Hog farm plan worries Callaway residents

Callaway County residents say they are worried about the environmental and economic impacts of a proposed large-scale sow complex near Kingdom City.

Members of the Horstmeier family say they attended Tuesday nightâ??s town hall meeting. KRCG 13 erroneously reported they were not in attendance and regrets the error.

Darren Horstmeier said he thought the meeting went a long way toward answering many peopleâ??s questions about the sow complex planned for his farm. He said he thought this would calm some residentsâ?? fears about the implications of the project, though he added the project still faces opposition.

â??Some people have legitimate concerns and some people just flat donâ??t want it,â?? he said.

At Tuesday nightâ??s meeting, Callaway County residents presented a list of more than 30 questions about the project they wanted answered. Horstmeier said he has asked Eichelberger to provide written answers to all of them and is waiting for the company to respond.

Original story: Supporters of a planned hog farm operation were hard to find at a packed Tuesday night town hall meeting.

Dozens of Callaway County residents turned out for a panel discussion on a hog farm planned for what is currently Horstmeier Farms just west of Kingdom City. Iowa-based Eichelberger Farms plans to build and operate a sow complex on the property capable of hosting 7600 sows and 2720 swine.

Many in the room opposed the idea, applauding those who spoke against it. Callaway County resident Barb Brazos said she had grave concerns about the animals' living conditions and the facility's potential impact on the environment and overall quality of life for those living nearby.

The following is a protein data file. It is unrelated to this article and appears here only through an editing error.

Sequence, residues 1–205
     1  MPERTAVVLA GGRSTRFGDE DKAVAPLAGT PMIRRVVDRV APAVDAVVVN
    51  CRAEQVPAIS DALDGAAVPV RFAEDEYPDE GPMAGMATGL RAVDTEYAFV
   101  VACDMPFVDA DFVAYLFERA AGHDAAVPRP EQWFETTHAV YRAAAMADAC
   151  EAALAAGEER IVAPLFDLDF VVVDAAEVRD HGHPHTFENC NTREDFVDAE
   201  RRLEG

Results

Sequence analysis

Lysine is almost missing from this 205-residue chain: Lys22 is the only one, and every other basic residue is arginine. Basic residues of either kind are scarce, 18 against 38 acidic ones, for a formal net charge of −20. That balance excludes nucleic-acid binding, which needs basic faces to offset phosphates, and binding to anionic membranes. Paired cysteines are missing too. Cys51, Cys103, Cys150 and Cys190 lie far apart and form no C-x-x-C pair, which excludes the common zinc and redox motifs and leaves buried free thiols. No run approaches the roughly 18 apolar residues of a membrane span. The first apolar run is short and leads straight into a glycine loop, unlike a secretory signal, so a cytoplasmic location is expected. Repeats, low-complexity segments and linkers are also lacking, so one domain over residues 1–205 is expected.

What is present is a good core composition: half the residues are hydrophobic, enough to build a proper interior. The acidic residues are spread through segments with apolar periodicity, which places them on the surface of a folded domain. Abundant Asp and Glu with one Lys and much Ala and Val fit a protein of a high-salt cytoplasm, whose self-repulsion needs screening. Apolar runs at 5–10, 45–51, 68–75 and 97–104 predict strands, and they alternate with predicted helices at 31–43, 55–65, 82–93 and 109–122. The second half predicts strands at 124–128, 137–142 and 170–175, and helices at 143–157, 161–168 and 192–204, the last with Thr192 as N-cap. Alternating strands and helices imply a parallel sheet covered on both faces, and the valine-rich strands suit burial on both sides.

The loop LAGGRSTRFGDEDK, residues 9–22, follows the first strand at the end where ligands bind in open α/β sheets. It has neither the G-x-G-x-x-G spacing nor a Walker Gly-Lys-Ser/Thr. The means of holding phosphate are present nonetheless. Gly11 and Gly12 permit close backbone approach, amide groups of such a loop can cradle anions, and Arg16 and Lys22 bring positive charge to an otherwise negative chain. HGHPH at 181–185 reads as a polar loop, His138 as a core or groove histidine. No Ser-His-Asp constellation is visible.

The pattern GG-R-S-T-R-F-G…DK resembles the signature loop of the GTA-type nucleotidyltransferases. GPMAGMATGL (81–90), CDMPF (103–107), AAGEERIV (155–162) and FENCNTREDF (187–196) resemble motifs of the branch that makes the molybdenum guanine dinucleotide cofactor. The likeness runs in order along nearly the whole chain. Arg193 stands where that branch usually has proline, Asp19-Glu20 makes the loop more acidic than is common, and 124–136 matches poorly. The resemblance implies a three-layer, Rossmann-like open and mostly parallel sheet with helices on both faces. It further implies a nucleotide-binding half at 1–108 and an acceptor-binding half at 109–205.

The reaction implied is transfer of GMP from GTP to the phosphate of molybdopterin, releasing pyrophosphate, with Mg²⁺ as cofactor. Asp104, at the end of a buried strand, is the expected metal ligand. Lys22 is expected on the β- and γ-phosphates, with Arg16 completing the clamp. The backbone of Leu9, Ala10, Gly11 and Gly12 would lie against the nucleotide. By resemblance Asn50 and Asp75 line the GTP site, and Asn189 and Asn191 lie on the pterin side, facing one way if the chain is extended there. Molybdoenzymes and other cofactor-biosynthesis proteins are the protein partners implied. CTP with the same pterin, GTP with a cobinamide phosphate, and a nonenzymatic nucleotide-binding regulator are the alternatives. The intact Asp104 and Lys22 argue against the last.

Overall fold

"I don't want to have to live next door to this giant hog facility," she said.

Larry Brown agreed, saying he thought hog farms caused more environmental problems than they are worth. In addition, he said small family farms are much better for the community because those farmers spend their profits at local businesses. Several panelists and audience members attacked the project as an example of corporate agriculture encroaching on family farms.

No Eichelberger representatives attended Tuesday night's event, but a few spoke in favor of the facility. Don Lehenbauer, a Callaway County farmer who knows the Eichelberger family, told the crowd the Eicherlbergers "are not like Cargill" and the waste produced by the pigs would serve as valuable fertilizer. Lehenbauer highlighted the facility's below-building manure storage pits, saying he has pumped similar pits and has never discovered any runoff issues.

Rep. Jay Houghton, a Martinsburg Republican who used to manage a hog farm in Audrain County, said the farm he worked at installed such pits in 2007. He said not only did neighbors not complain about the smell afterward, but the odor went down. Houghton said turing away from large-scale agriculture would mean higher food prices.

"I hate to imagine what the price of pork would be if we were raising hogs the way we were 40 years ago," he said.

Eichelberger Farms' web site shows the company currently has no operations outside of southeastern Iowa.